|Signature moment: Nicklaus' birdie on 17 during his spectacular closing nine in '86. (Getty Images)|
By Steve Elling | CBSSports.com Senior Golf Columnist
Like the Masters itself, Jack Nicklaus morphed quite a bit over the decades, eventually becoming as much a part of the tournament lore as the green jacket itself.
He started playing the event in 1959 as a pudgy kid with a flattop haircut, became a slender, fashionable and rakish figure in the 1970s and won for the final time in 1986 as a 46-year-old man with bunions on his feet and his eldest son on the bag.
Nicklaus, now 72, won the tournament six times, and played in six different decades. Thursday, he will return yet again to hit one of the ceremonial opening tee shots with Arnold Palmer and Gary Player, who also made our Masters Most Influential list.
Small wonder Augusta National made him a member, huh?
Sure, Arnie's Army was founded at Augusta, but nobody owned it more than Nicklaus, whose unforeseen victory as an over-the-hill part-time player in '86 was considered one of the greatest spectacles in sports history, and perhaps the most popular Masters win ever.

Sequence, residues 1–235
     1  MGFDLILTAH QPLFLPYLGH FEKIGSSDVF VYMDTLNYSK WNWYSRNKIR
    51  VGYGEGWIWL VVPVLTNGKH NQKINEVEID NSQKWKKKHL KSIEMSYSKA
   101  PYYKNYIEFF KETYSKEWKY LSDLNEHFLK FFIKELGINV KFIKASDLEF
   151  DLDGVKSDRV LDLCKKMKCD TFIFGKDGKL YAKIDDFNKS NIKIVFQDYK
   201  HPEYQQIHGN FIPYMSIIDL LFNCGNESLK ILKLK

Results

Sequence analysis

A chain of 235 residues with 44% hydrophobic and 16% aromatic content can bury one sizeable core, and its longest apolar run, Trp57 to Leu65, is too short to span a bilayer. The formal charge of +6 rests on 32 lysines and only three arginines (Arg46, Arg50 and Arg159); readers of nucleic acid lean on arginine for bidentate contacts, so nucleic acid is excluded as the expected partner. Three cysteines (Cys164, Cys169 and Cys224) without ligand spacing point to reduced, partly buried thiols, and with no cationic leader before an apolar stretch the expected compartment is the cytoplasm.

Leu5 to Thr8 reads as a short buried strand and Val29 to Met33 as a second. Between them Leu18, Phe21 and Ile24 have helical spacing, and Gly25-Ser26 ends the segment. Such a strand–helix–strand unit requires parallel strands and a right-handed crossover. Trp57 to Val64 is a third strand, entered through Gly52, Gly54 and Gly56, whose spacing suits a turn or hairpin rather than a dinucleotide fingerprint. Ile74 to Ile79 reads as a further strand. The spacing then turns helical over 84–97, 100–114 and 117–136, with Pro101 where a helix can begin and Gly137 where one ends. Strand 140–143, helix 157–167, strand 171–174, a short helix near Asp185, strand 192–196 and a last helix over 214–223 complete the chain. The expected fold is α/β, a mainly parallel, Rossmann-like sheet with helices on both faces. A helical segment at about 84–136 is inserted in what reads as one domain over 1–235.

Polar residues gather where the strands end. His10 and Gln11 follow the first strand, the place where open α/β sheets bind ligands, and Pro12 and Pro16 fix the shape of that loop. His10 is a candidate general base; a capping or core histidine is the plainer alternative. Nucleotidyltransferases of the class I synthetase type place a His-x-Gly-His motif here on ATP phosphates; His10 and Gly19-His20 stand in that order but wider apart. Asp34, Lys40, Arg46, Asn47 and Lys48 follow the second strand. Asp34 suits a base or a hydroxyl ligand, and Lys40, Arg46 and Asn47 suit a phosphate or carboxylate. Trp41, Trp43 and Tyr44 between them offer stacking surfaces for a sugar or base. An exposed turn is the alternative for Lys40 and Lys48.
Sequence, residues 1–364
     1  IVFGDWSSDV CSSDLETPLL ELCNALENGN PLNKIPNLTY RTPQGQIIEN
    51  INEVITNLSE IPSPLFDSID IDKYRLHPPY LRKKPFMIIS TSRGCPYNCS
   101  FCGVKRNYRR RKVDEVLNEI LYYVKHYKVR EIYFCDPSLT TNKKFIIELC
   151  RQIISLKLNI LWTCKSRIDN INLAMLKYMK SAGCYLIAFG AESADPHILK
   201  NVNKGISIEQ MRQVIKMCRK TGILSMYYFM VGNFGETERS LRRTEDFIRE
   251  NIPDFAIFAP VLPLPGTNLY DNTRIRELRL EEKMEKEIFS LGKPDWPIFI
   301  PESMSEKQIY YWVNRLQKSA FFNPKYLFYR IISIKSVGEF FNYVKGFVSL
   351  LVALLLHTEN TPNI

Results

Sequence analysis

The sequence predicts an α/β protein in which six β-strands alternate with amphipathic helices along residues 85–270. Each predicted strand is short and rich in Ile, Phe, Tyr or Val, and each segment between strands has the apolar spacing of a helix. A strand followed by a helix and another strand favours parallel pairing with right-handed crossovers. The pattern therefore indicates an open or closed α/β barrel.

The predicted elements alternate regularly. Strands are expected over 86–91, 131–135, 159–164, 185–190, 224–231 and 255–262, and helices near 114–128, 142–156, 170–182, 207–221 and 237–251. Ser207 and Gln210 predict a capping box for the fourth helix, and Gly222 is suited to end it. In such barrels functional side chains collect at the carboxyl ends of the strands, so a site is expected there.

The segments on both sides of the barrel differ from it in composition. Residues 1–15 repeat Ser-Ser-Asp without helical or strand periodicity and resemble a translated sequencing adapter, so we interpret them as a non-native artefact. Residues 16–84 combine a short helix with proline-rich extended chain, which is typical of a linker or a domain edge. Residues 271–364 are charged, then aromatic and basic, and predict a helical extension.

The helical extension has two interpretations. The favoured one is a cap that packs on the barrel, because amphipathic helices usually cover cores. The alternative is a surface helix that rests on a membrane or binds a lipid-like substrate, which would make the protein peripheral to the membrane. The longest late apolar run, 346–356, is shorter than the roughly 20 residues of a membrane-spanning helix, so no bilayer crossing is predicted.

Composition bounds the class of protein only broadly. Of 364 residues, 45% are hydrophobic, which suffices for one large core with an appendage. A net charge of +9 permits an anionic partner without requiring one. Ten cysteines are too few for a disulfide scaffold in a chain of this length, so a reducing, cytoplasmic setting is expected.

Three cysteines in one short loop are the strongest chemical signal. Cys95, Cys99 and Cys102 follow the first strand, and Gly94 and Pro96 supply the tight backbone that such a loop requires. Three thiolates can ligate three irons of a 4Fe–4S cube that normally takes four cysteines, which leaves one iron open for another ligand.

That Nicklaus won his first Masters title in 1963 and his last 23 years later is testament to the generational arc of his powers, all on a course that isn't particularly conducive to his signature shot -- a power fade.
It wasn't just the magic than Nicklaus wielded, it was the incredible chronology. For example, in an achievement that gets far too little credit, Nicklaus shot 68 in the final round in 1998 to finish T6 at age 58, proving yet another glimpse into his greatness.
One of the game's most memorable moments and defining photographs -- Nicklaus raising his putter overhead as he walked the ball into the hole on the 17th green in 1986 -- took place at the Masters.
Nicklaus won 18 majors in his career and finished second 19 times -- including four runners-up at Augusta.
In all, that 10 top-two finishes at Augusta?
Mull that resume item for a while, Tiger Woods fans.